Dr Harty said electronic identification would streamline an entire farm, from market improvements to farms to a whole lot of things. “In terms of testing, when the animal is handled, it’s unbelievebale. If we look forward that is where we need to be. You can imagine all the paperwork that can be limited, all the processes, all the forms, it’s huge. This is an enabler for that. The big thing is farmers don’t know that is how much it costs them.”
Precision feeding is another crucial component, said Dr Harty. “If you look at the Irish context and to me in order to increase production you are going to have to feed more to cows very simply. However feed is one of the largest input in the farm. It’s costly and you have to have a return on investment. To me the future of feeding for the Irish context would be still based on feed of grass. The big question if you look at last year with the feed and it’s crap what do you do? You look at the variation within herds, the heaviest cow is probably twice the weight as the lightest. obviously their nutritional requirements were completely different in terms of the energy requirements. what people are doing is that they are either flat feeding cows grass and let them eat what they want. But you should actually tweak it to the individual cow.”
Precision feeding becomes more vital when a cow is in calf and the immediate 15 days after. “It’s a high-alert time. The vast majority of stuff happens within the first 15 days of calving, such as metabolic diseases, and it is all related to nutritional needs.
“You can take each cow in the herd and precision feed. Use factors such as days to calving, body weight, health and status conditions. Come up with a feed camera for each cow. You know each cow and it’s connected to your mobile phone. You know that the cow is coming and getting the stuff she is suppose to be getting.”
Without technology Dr Harty says a big problem for farmers is you can be producing all the stuff but you can’t actually prove the cow is getting it.”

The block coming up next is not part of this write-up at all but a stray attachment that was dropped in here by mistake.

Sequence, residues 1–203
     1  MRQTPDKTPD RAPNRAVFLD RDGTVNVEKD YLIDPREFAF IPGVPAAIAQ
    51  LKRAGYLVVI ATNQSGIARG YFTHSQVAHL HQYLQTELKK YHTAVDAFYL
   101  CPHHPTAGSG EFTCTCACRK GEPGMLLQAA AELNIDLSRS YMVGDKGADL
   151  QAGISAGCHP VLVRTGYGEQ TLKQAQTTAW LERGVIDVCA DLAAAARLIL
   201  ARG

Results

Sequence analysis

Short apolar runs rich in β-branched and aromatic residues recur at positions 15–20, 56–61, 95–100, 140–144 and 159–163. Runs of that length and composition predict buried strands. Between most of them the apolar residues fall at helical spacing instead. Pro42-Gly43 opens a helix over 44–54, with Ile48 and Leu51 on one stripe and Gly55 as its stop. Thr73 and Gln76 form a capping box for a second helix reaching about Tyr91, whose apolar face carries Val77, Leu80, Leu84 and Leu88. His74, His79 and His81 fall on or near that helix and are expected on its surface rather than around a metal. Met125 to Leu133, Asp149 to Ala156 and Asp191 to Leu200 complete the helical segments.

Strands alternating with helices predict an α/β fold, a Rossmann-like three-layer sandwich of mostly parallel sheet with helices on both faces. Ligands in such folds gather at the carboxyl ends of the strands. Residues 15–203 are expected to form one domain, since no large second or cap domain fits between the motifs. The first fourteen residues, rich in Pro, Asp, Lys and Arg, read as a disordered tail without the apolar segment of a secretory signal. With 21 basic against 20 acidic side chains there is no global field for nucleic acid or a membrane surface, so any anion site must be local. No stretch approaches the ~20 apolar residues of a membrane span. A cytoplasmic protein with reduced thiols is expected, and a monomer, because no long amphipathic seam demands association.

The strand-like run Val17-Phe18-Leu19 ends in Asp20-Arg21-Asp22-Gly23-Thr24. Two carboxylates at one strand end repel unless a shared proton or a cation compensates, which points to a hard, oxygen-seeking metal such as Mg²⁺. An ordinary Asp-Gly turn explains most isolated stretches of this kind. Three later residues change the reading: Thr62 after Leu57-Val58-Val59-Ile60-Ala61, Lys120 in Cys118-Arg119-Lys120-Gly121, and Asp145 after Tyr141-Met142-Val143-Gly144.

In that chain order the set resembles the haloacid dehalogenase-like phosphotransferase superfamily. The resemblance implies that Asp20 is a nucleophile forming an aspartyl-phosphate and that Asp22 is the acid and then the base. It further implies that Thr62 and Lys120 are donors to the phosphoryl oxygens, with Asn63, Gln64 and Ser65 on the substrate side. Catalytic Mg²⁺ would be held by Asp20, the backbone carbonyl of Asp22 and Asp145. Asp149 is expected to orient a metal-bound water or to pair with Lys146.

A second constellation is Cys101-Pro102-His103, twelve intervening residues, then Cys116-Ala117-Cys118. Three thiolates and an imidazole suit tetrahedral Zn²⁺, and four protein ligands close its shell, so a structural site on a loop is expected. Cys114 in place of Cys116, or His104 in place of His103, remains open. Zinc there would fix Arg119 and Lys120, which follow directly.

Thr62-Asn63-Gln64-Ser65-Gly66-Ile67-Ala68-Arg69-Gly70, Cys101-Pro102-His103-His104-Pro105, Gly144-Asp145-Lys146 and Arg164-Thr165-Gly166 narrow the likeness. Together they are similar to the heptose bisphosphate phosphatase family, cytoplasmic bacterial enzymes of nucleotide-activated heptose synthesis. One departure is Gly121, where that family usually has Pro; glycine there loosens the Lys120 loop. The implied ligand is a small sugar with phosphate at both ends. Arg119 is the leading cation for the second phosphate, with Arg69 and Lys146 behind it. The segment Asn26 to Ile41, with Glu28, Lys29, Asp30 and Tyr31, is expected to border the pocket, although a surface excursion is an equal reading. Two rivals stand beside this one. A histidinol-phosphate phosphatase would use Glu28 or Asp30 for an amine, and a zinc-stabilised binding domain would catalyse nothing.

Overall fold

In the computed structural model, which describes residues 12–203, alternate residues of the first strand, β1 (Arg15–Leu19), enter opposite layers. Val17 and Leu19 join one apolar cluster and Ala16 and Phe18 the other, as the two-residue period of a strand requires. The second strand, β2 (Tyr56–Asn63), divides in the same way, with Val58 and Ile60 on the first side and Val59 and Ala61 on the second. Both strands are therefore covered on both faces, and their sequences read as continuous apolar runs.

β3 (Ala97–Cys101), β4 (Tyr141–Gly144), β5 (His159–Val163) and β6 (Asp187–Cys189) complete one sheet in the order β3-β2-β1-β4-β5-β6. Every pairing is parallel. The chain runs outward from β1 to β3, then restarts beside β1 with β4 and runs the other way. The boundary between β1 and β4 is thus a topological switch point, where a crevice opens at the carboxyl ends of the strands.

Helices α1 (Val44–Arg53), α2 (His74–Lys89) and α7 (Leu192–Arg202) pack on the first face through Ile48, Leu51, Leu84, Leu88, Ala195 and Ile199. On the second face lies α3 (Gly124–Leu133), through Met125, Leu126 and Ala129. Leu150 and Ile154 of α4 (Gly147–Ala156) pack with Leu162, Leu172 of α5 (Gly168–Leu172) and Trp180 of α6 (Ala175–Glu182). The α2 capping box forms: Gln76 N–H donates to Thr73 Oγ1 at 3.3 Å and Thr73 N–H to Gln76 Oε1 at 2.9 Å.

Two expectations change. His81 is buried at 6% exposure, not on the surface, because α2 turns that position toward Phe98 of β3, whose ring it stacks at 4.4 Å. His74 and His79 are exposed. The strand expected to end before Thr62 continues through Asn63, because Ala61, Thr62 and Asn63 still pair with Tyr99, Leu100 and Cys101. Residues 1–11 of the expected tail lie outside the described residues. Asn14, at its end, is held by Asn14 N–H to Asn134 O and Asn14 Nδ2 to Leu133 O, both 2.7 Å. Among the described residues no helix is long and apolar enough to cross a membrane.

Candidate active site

Is Dairymaster considering apply its technology to other areas of farming?
“It could be used in others. We could but it’s not our focus. We are looking at diary specifically. It does have relevance with beef farming and it depends on how that sector does going forward. The possibilities are there, in term of precision farming.
“So you look at texture, colour and that type of stuff. What is the consumer looking for? You take markets such as Italy, they are not jumping for the meat being so red they want whiter and all that type of stuff, that is where I think feeding technologies come in.
Explaining the MooMonitor, a device that sits around a cow’s neck and uses accelerometers to tell if the cow is in heat, Harty said: “It is very easy to use. It shows when cows are expected to come into heat and so on. You can look up the cycle patterns. You can also get hourly measurements of what exactly is happening. This allows you to know when is the best time to breed a particular cow, time of breeding effects conception rate. You can detect more silent heat, you can detect more silent problems such as a cystic cow, more herd information.
“The idea is that you can deal with problems and problem cows sooner. usually most of these things are easy enough to deal with, what happens in a lot of cases is that these cows are cows that culled.”